Grocers, teachers, first responders? Subcommittee discusses who could be next to get COVID-19 shots
MILWAUKEE, Wis. (CBS 58) -- It will take a few months to vaccinate Wisconsin’s health care workers and nursing home residents.
In the meantime, the State Disaster Medical Advisory Committee's Vaccine Distribution Subcommittee is considering who should be in the second tier to receive the COVID-19 shots, the category known as Phase 1b.
Several industries have lobbied to be included. The medical professionals and advocates on the subcommittee must now decide who deserves the vaccine most.
"Everybody, I think, who works can claim at some point, 'I'm essential. The work that I'm doing is an essential piece of work,'" said Dr. Thomas Harter, director of the Department of Bioethics and Humanities at Gundersen Health System.
Subcommittee members said they have a challenging job ahead but they're glad a panel of the Centers for Disease Control and Prevention has done some of the work for them. The CDC's Advisory Committee on Immunization Practices, or ACIP, has recommended that frontline essential workers and people 75 and older be in Phase 1b.
"As we're beginning to think about who ought to be in that 1b, we really need to think about who's most at risk," Harter said.
The CDC panel has defined frontline essential workers as workers who fall into one of these categories: first responders (firefighters, police), education (teachers, support staff, daycare), food and agriculture, manufacturing, corrections workers, U.S. Postal service workers, public transit workers and grocery store workers.
"People have to eat," said Brandon Scholz, president and CEO of the Wisconsin Grocers Association. "Whether it's moms and infants or kids or high school or parents or seniors, no one's come up with (a way to) get by without eating.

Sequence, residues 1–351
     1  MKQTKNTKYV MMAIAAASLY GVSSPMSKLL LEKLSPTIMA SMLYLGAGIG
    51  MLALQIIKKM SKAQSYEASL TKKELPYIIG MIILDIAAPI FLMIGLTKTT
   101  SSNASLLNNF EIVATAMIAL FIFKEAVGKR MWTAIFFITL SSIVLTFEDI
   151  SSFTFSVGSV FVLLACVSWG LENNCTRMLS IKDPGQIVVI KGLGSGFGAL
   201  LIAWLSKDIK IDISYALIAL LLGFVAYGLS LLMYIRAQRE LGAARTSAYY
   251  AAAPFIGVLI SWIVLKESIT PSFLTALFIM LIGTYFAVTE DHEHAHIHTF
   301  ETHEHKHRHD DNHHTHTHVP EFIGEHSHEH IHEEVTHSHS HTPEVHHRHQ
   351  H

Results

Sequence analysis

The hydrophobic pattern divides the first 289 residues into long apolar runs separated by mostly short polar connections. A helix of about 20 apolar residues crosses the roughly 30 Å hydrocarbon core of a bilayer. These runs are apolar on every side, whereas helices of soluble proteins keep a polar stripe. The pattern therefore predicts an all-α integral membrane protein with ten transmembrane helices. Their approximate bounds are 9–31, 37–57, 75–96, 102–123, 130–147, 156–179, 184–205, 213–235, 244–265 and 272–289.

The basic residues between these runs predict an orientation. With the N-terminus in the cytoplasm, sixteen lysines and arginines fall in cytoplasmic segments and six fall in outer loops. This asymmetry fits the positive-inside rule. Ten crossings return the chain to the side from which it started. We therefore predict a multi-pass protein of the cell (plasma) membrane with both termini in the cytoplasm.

Scholz called it a "no brainer" that grocery store workers be considered essential.
"These people are at work every day. Nobody in the grocery industry from a retail side works at home. They are all there checking, stocking, bagging," Scholz said.
The Wisconsin Education Association Council has been lobbying for teachers to be included in Phase 1b in part because children under 16 can't be immunized yet.
"Our staff are really concerned about their own lives. But we’re also concerned about our kids’ families because they’re carriers. They take it home and give it to mom or dad or grandma and grandpa," said Ron Martin, president of the Wisconsin Education Association Council.
Martin said he believes vaccines aren't a "solve-all" but they are part of the solution for getting life back to normal.
"By being able to provide the vaccine as early as we possibly can for educators, that's going to be one of the assurances to make sure that our buildings and our schools are open and kids can be in school," Martin said.
ACIP also recommended that people 75 and older be in Phase 1b. The subcommittee discussed the recommendation for much of its meeting, but members were divided on whether this age group is more important than essential workers.
"I was really glad to hear you guys talk about the 75 and older group, but I would even bring that down to 70. When you look at the deaths in Wisconsin, the 70 and older group -- We're talking 9.7 percent of the population comprises 79 percent of the deaths," said Rob Gundermann, president and CEO of the Coalition of Wisconsin Aging and Health Groups.
"Yes, age is definitely a risk factor and that's been accounted for, but I think we also need to think about exposure risk ... Being out with the public is a higher risk than somebody like me who might be otherwise higher risk but can sit behind a computer all day," said Ann Lewandowski, co-chair of the subcommittee and founder of the Wisconsin Immunization Neighborhood.
The vaccine subcommittee is scheduled to meet again in January in effort to finalize its Phase 1b recommendations.